Chase wasn’t always a nice kid, but that doesn’t matter anymore because he fell off a roof and can’t remember his life before the fall. When he goes back to school, he realizes that not everyone is thrilled with who he was before. Some kids like him, some kids don’t, and some kids are just really upset with him. Navigating through middle school is tough, but it’s even more difficult when you’re trying to start your life over. This novel shows the complexities of the middle school hierarchy and is sure to inspire you in the end.

Lucky Broken Girl book cover5. Lucky Broken Girl by Ruth Behar

Life hits protagonist Ruthie pretty hard after she’s in a horrible car crash. Ruthie is Cuban, Jewish, and finally finding her home in America. After her accident, things because especially hard. Ruthie becomes confined to a body cast and is temporarily left unable to move. She learns so much about life through her recovery. It’s a wonderful novel about the fragility and beauty of life. Just as well, it’s an empathetic read for anyone who has ever dealt with a traumatic experience.

Out of My Mind book cover6. Out of my Mind by Sharon M. Draper

When her entire world completely underestimates her, young Melody decides it’s time for everyone to learn who she really is on the inside. It’s difficult to get what you want across when you have cerebral palsy. However, Melody is absolutely brilliant and she even has a photographic memory. Sadly, though, not even her doctors believe in her intelligence. A story about fighting for the world to see you for who you really are, this books touches on many themes also found in Wonder.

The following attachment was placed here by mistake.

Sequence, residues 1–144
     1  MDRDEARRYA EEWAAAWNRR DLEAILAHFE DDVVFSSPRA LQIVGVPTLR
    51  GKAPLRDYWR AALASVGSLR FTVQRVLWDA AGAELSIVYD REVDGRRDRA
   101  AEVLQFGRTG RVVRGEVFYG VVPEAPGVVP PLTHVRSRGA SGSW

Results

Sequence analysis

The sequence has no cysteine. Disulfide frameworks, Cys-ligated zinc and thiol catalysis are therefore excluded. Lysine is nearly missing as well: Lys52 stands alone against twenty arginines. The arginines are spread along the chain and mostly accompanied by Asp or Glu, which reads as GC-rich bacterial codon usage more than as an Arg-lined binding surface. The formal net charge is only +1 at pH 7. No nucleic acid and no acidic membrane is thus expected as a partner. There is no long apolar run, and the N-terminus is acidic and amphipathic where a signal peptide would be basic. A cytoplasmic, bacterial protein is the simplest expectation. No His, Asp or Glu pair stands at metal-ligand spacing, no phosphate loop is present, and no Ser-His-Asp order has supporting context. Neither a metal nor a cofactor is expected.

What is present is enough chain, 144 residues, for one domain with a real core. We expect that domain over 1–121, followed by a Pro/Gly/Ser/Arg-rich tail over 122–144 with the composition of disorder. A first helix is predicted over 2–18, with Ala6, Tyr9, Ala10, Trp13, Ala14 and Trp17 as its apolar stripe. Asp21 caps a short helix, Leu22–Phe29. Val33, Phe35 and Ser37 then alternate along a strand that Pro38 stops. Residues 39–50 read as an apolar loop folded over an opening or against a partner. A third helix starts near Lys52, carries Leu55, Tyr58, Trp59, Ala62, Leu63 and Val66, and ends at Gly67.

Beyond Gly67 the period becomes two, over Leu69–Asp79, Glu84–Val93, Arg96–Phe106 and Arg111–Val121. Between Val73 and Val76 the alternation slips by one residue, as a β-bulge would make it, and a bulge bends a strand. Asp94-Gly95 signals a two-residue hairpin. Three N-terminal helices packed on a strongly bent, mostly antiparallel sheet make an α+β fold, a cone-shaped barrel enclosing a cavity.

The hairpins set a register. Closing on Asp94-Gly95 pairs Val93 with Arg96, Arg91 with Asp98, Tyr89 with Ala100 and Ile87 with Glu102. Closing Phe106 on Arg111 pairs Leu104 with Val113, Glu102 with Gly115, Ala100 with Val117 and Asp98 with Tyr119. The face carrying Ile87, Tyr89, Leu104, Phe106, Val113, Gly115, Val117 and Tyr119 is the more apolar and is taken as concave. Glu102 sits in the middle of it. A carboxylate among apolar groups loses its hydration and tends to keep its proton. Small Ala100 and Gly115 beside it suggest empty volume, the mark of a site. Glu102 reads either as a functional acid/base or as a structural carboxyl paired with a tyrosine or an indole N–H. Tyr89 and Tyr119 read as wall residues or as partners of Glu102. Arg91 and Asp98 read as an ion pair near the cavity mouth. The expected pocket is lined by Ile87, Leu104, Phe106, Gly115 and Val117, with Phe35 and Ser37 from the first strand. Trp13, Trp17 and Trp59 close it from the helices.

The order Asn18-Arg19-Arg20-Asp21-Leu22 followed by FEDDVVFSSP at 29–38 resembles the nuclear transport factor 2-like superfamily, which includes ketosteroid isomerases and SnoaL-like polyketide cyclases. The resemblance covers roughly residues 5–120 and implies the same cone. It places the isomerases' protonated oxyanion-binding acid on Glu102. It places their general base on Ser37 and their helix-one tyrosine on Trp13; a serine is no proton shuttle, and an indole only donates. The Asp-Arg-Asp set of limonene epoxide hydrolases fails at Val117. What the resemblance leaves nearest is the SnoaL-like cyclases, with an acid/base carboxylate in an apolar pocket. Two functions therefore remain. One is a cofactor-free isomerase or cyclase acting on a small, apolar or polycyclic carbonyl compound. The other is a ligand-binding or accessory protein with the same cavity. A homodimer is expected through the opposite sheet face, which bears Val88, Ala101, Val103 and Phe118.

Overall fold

7. Sticks & Stones by Abby Cooper

Everyone always talks about everyone. That’s just how things are. However, it’s a bit different for Elyse. The words others use to describe her automatically appear on her body. While this was fine when she was younger, things begin to change as Elyse gets older. People aren’t as nice as they used to be and now, Elyse has to deal with that fact. Most middle grade books like Wonder always have some aspects revolving around self-acceptance, but this novel deals with that topic directly head on. It’s sure to give you some perspective.

Because of Mr. Terupt book cover8. Because of Mr. Terupt by Rob Buyea

A multi-perspective book just like Wonder, this story is all about coming together. Mr. Terupt isn’t a boring teacher. In fact, he’s the best teacher most of his students have ever had. However, when Mr. Terupt’s fifth grade class experiences a traumatic event during a snowy day at school, everyone deals with it differently. Each character is unique and gives something different to the novel. Everyone learns that being different from each other isn’t really that big of a deal after all.

9. The Miscalculations of Lightning Girl by Stacy McAnulty

When lightning strikes young Lucy, she gains the power of math. Having been homeschooled since her accident just like Auggie in the book Wonder, Lucy has no need to go to school. She’s 12 and could go straight into college if she wants. That being said, her grandmother has different ideas and insists that Lucy tries going to middle school for just a year. She’s supposed to make a friend, join some sort of activity, and read a non–math textbook type of book. Easy for some, but for Lucy, that’s asking the world of her.